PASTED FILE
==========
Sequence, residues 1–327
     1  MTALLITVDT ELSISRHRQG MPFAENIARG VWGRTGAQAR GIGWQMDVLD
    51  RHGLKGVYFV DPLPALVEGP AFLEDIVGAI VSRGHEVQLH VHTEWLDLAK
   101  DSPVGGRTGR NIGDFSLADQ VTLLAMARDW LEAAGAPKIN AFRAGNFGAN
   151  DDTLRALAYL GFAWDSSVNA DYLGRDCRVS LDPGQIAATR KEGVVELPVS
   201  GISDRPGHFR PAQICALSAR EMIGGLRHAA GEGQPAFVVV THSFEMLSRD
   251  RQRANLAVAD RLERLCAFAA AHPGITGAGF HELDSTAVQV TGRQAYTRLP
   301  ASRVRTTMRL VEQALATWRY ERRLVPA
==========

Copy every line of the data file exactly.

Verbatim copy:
Sequence, residues 1–327
     1  MTALLITVDT ELSISRHRQG MPFAENIARG VWGRTGAQAR GIGWQMDVLD
    51  RHGLKGVYFV DPLPALVEGP AFLEDIVGAI VSRGHEVQLH VHTEWLDLAK
   101  DSPVGGRTGR NIGDFSLADQ VTLLAMARDW LEAAGAPKIN AFRAGNFGAN
   151  DDTLRALAYL GFAWDSSVNA DYLGRDCRVS LDPGQIAATR KEGVVELPVS
   201  GISDRPGHFR PAQICALSAR EMIGGLRHAA GEGQPAFVVV THSFEMLSRD
   251  RQRANLAVAD RLERLCAFAA AHPGITGAGF HELDSTAVQV TGRQAYTRLP
   301  ASRVRTTMRL VEQALATWRY ERRLVPA